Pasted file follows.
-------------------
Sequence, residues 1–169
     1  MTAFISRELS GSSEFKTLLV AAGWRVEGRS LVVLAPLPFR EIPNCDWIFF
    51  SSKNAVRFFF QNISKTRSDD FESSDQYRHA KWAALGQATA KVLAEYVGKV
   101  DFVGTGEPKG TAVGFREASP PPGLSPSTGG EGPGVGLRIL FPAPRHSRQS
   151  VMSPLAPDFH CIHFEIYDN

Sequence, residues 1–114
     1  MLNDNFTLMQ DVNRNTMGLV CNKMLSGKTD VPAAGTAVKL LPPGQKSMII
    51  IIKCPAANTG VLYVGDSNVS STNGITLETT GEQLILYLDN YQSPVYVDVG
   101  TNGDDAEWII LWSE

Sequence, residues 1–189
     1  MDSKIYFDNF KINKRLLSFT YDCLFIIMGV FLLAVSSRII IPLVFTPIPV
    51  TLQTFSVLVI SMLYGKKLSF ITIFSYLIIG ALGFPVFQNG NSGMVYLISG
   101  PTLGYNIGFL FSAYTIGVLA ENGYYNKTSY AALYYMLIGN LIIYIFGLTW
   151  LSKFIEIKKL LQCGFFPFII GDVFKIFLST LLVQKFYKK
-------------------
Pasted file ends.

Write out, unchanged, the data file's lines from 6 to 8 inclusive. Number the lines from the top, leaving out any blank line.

Sequence, residues 1–114
     1  MLNDNFTLMQ DVNRNTMGLV CNKMLSGKTD VPAAGTAVKL LPPGQKSMII
    51  IIKCPAANTG VLYVGDSNVS STNGITLETT GEQLILYLDN YQSPVYVDVG